Today, about 28% of English vocabulary comes from French, including Anglo-French, due to the Gallic influence of the Anglo-Normans. Due to the upper class status of the Anglo-Normans, most of these loanwords concern the fields of culture, aristocratic life, politics, and religion (something similar can be said of our Latin vocabulary (29%), a language which, as mentioned previously, our Anglo-Norman rulers and writers also used). For example, most of our aristocratic titles are Anglo-Norman (e.g. prince, duke, countess, baron, etc.) with the exceptions of king, queen, lord, lady, and knight, derived from the Old English cyng, cwen, hlaford, hlæfdige, and cniht respectively (for these are the few aristocracy-related words the native English commoners would have said on a regular basis (the reigning monarch & his wife being major public figures even to peasants, the titles "lord" and "lady" being used by peasants to any passing noble, and knighthoods being one of the most lowly and frequent honours); therefore they survived; although the Anglo-Norman word royal has largely replaced the native English word kingly, which means the same thing). Interestingly, the Old English title earl survives, although the wife or female equivalent of an earl is called the Anglo-Norman countess. Surely this would make an earl a count (although in the Anglo-Saxon era they were really more like dukes)? So why wasn’t that word also replaced? Geoffrey Hughes writes, "It is a likely speculation that the Norman French title 'Count' was abandoned in England in favour of the Germanic 'Earl' […] precisely because of the uncomfortable phonetic proximity to c@!#".

Likewise, the upper class nature of the Anglo-Normans, and the working class nature of the native English, can be seen in the fact that generally the Anglo-Norman words for animals became the words we use for their meat (e.g. pork, beef, mutton), while the Anglo-Saxon words for animals became the words we use for the beasts themselves (e.g. pig, ox, sheep). In short, the native English farmed the animals while the Norman aristocrats ate them.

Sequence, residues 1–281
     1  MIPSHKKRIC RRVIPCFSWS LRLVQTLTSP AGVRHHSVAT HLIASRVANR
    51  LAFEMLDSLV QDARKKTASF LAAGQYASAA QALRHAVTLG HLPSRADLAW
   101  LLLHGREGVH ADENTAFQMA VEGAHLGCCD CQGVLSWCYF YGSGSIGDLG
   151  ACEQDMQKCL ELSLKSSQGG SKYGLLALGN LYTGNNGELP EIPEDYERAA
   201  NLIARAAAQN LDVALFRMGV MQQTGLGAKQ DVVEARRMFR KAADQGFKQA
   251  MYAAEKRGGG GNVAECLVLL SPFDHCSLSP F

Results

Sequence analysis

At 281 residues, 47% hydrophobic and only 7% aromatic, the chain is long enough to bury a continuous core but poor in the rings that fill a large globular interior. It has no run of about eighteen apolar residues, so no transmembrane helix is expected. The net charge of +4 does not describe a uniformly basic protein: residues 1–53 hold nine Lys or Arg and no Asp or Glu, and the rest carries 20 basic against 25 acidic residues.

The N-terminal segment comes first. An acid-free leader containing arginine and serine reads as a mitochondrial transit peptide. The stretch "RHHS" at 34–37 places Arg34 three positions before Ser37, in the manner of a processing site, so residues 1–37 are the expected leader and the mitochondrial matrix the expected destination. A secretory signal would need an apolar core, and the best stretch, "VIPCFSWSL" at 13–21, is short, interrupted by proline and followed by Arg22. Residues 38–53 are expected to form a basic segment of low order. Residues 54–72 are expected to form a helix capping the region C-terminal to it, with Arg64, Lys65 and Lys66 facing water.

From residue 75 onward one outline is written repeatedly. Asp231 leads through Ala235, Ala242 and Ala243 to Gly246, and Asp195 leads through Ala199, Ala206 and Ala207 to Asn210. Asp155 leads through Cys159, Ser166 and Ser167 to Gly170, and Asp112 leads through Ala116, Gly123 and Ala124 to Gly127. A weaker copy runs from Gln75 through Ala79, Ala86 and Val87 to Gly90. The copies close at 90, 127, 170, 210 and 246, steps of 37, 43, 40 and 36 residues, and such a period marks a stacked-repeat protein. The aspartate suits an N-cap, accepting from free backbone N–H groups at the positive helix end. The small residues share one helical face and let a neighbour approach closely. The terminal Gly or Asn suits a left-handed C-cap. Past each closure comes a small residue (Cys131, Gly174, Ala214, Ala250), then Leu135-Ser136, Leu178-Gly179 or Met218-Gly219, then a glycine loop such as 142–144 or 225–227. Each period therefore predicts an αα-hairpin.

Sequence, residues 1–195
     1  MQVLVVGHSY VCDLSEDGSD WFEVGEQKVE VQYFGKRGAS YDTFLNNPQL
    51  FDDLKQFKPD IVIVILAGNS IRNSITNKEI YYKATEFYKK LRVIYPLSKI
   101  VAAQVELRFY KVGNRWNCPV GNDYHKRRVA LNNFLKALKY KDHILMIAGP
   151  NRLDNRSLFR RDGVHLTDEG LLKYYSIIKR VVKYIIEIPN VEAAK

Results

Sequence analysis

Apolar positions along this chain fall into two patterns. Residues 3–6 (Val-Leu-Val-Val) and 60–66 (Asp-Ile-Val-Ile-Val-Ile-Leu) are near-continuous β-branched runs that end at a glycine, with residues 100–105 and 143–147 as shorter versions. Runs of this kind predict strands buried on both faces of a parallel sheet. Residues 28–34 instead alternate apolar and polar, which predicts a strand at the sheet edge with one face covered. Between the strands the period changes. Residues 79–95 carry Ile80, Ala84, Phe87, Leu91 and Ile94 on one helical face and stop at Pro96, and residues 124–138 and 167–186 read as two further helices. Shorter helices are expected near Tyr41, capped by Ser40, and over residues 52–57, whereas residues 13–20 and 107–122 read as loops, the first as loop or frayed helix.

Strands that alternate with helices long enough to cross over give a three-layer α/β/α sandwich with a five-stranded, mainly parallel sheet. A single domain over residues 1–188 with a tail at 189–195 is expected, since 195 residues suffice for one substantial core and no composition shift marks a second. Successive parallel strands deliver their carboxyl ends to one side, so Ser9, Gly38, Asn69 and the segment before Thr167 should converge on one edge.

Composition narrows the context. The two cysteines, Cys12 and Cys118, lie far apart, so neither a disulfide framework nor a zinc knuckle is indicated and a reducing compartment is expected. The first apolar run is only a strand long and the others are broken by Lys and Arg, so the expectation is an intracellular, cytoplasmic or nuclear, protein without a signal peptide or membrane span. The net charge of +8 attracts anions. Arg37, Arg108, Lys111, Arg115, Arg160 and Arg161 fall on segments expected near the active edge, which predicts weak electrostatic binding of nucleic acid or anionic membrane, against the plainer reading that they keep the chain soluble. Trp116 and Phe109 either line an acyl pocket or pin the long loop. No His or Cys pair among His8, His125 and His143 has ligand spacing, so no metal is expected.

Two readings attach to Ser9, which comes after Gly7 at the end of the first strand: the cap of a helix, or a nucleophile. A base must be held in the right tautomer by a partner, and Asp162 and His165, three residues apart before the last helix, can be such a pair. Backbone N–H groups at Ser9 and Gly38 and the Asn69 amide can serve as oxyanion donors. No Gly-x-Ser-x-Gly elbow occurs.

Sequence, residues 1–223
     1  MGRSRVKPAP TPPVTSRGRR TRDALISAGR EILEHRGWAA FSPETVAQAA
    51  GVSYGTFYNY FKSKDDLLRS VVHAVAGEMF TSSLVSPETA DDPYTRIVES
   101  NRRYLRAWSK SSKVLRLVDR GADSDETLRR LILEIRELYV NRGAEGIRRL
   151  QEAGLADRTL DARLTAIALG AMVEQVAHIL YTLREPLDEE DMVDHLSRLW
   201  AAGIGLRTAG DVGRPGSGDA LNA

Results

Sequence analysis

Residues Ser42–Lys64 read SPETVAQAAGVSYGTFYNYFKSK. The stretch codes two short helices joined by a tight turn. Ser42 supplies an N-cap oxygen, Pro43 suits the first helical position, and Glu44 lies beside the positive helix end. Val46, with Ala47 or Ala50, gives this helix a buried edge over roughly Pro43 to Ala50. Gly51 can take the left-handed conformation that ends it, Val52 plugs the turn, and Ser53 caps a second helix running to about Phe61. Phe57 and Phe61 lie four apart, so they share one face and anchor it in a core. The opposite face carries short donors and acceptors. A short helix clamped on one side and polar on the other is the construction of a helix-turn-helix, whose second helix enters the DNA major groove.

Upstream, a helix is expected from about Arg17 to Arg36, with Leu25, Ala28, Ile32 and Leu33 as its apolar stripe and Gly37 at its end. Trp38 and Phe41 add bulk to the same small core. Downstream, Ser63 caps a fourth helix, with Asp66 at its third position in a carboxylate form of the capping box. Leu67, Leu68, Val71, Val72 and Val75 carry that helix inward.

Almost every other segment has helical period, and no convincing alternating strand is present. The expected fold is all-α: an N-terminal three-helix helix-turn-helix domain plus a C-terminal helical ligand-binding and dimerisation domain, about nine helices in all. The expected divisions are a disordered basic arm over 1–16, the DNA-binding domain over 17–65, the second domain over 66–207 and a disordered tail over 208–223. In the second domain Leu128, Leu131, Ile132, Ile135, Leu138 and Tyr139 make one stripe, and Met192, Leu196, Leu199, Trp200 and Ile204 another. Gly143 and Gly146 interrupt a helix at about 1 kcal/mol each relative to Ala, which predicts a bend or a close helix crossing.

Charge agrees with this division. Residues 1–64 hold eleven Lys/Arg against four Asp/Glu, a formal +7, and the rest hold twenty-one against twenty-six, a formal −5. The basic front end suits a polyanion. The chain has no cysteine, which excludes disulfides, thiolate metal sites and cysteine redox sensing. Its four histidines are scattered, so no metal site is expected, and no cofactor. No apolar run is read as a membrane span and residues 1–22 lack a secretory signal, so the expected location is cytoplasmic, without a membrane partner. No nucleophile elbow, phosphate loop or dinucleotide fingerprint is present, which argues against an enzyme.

English spelling was also changed by the Anglo-Normans who wrote English words as they heard them, without knowledge of Old English grammatical rules (yes, you have the Normans to blame for the English language’s eccentric yet strangely beautiful spellings). Because of the need for communication between the native English and the foreign invaders English became a grammatically simpler tongue in comparison to Old English; it wasn’t just a matter of gaining some new words as many supporters of "Anglish" seem to think. If the Norman Conquest had never happened, and assuming no other culture invaded, the English language would be more like the Frisian languages of the continent. Here’s “The boy stroked the girl around the chin and kissed her on the cheeks” in North Frisian (Mooring dialect): Di dreng aide dåt foomen am dåt kan än mäket har aw da siike. Thank goodness I don’t speak like that!